Renault-Nissan to launch Israel R&D operations

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This Renault-Nissan Alliance will join the ranks of car makers and automotive industry companies that have launched research and development (R&D) operations in Israel, revealed Carasso Motors Vice-President for Trading Avi Kenet in a panel discussion at last week’s Cars 2017 conference in Tel Aviv.

Kenet said that this month, an agreement was signed in France with Renault-Nissan Alliance to establish an independent Technology Innovation Center for the company in Israel. The center’s operations will include locating technologies and new companies pertinent to the automotive industry, and will provide entrepreneurs access to the company’s global activity, which is the third largest in the global automotive industry.

“The Better Place story is behind us, but the important thing is that the venture floated the electric car agenda, which is now considered the industry’s technology target and is closely linked to the development of the autonomous car,” said Kenet.

Yuval Diskin, chief executive officer (CEO) of CyMotive Technologies Ltd., a vehicle cyber security company, said that cars are becoming increasingly vulnerable to cyber attacks as they become connected online. He believes the automotive industry is headed in the direction of cars with artificial intelligence, and as cars get smarter, car makers will become a kind of “mini-Google,” able to gather specific information about customers, their habits, and so forth, multiplied by millions of vehicles, using AI tools to analyze data.

At the conference, Elad Sertafy, Mobileye vice-president and general manager of Aftermarket Division, said that achieving “zero accidents” was impossible, so long as the driving environment has unexpected factors. He added that in the next two decades at least, the roads will still be ruled by vehicles driven by people, not by robots.


“The computer that is in our heads is stronger than any manmade computer,” said Serfaty. He added, however, that the entire automotive industry is currently in an “arms race” to build a car with autonomous capabilities, and that the competition between the manufacturers is shortening the timetable to the target.

Serfaty said Mobileye is in a good position in this race. “The fact that we are working with many customers and that we are present in almost every new car in the world positions us at a good starting point to achieve the target. When you are already inside the car and warning that you are deviating from the lane or can brake independently, and gather data, your starting point is better compared with someone who has not yet entered the industry,” he said.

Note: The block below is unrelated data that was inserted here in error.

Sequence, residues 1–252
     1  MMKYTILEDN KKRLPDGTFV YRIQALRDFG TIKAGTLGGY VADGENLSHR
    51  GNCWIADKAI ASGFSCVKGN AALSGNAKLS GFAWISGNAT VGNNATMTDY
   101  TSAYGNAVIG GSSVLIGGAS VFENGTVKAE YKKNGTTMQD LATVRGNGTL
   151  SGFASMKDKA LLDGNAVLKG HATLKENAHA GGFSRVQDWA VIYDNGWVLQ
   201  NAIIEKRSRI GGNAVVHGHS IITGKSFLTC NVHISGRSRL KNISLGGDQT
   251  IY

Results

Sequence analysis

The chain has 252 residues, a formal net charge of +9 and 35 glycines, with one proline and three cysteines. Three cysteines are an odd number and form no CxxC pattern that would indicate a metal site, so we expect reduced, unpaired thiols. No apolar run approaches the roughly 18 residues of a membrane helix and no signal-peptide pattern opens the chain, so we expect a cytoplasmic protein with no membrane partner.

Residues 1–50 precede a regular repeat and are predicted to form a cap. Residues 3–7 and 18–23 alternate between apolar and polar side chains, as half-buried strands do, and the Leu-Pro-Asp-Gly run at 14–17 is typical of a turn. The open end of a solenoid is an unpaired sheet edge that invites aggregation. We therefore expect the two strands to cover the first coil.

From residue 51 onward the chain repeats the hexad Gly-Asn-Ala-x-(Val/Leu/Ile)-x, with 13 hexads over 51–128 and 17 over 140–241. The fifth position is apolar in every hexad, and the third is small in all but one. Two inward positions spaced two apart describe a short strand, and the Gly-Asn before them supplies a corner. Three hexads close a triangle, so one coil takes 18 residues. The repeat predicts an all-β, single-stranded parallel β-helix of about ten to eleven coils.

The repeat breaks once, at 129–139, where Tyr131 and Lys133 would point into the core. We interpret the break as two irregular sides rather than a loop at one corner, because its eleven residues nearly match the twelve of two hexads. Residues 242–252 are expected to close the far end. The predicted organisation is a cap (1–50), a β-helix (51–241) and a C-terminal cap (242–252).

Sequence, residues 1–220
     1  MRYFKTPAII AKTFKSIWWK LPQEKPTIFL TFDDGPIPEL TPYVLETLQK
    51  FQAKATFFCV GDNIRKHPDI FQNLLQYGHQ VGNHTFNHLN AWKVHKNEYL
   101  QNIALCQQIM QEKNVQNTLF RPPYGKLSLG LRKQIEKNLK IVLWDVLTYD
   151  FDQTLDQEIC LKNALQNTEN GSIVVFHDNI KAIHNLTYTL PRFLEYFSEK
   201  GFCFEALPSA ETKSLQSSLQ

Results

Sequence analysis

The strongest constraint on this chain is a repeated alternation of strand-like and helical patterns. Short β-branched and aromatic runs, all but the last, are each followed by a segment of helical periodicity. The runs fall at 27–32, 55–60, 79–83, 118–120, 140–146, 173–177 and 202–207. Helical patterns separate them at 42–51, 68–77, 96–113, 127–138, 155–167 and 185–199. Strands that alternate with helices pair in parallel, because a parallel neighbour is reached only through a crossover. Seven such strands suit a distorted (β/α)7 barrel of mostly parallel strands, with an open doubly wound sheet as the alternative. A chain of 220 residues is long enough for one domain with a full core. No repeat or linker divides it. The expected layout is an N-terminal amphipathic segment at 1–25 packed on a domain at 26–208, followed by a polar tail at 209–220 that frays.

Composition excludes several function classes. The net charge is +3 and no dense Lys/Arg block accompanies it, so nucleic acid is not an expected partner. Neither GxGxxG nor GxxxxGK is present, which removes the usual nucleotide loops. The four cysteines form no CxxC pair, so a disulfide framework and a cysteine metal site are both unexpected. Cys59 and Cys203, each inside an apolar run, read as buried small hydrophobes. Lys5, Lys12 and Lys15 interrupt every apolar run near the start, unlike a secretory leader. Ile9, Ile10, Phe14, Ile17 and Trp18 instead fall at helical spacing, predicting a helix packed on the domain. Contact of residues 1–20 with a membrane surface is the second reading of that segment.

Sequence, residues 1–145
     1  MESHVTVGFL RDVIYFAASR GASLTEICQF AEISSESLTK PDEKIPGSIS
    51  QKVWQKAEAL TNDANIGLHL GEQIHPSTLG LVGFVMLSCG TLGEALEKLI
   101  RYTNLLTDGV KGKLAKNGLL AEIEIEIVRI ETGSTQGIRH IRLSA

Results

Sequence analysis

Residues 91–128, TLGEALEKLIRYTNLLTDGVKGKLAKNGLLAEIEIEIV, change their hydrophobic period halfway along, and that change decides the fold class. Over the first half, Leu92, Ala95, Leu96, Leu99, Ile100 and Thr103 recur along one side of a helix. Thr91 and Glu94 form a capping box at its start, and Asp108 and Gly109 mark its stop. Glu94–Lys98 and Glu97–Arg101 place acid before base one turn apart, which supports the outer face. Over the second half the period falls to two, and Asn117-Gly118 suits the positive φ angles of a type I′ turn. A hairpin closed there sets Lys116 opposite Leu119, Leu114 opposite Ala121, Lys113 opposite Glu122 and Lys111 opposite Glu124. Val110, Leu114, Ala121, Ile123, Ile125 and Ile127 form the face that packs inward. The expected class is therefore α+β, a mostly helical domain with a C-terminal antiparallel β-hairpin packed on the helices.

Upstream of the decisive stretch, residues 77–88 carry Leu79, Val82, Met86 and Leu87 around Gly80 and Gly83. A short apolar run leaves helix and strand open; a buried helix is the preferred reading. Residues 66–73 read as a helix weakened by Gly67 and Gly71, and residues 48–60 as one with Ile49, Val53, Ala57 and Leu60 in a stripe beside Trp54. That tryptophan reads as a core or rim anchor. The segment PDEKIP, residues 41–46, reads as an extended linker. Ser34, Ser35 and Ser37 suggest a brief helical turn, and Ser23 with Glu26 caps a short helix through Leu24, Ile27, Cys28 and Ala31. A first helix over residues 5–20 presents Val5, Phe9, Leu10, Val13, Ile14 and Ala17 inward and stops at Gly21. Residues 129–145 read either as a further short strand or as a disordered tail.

At a parallel panel of high-tech automotive companies, Onn Haran, co-founder and chief technology officer Autotalks, a developer of vehicle-to-everything (V2X) communications technologies for smart cars, said automatic vehicle-to-vehicle communications will revolutionize road safety by enabling vehicles to identify hazards around them, even if they are outside the driver’s field of vision.

Haran predicts that this technology will be installed in vehicles slated to go on US roads from 2019, following measures by the US regulator, in parallel with progress in the European Union. He said that V2X is a critical support for establishing the autonomous car, because all the sensors, which currently permit autonomous movement, have physical limitations. Inter-vehicle communications will make it possible to obtain information in advance, before it comes into the driver field of view, and will allow better integration in motion with surrounding vehicles.

Aviv Cohen, Nexar vice-president for B2B products and marketing, proposed another safety solution at Cars 2017: a network of mobile phones in every car, which connect drivers, developed by the company. Drivers connected to the network use an app on their mobile phones to film the road ahead. The data is uploaded on to the cloud, and a special algorithm identifies hazards via a dash cam and warns drivers. It creates a database that makes it possible to warn other users of the network on the road to rate the hazard for safety, take reconstruction photographs of accidents, reduce insurance costs and so forth, on top of fleet management applications. Cohen said the company’s network already connects thousands of drivers in Tel Aviv, New York City and San Francisco, and that the company’s business model is based on use of the database.

Argus Cyber Security Marketing Manager Jesse Sultanik said that vehicle inter-connectivity has great road safety potential, but that such systems were also very exposed to outside hacking. “Like every computer linked to the internet, cars linked to the internet are exposed to malicious hacking,” he said. He added that while the threats exist and even though there is no magic solution to block 100 percent of attacks, security systems like the one offered by Argus to carmakers and which are already installed in the basic planning stage of new cars, are essential.

At the conference, Engie founder and CEO Yarden Gross presented a smart solution designed to bring transparency to the repairs and routine maintenance of vehicles. The company’s technology connects the vehicle’s management computer to the driver’s smartphone app, notifying the driver in real time of malfunctions, their severity and possible solutions. At the same time, it can obtain and compare quotes from garages at the press of a button.

TNS

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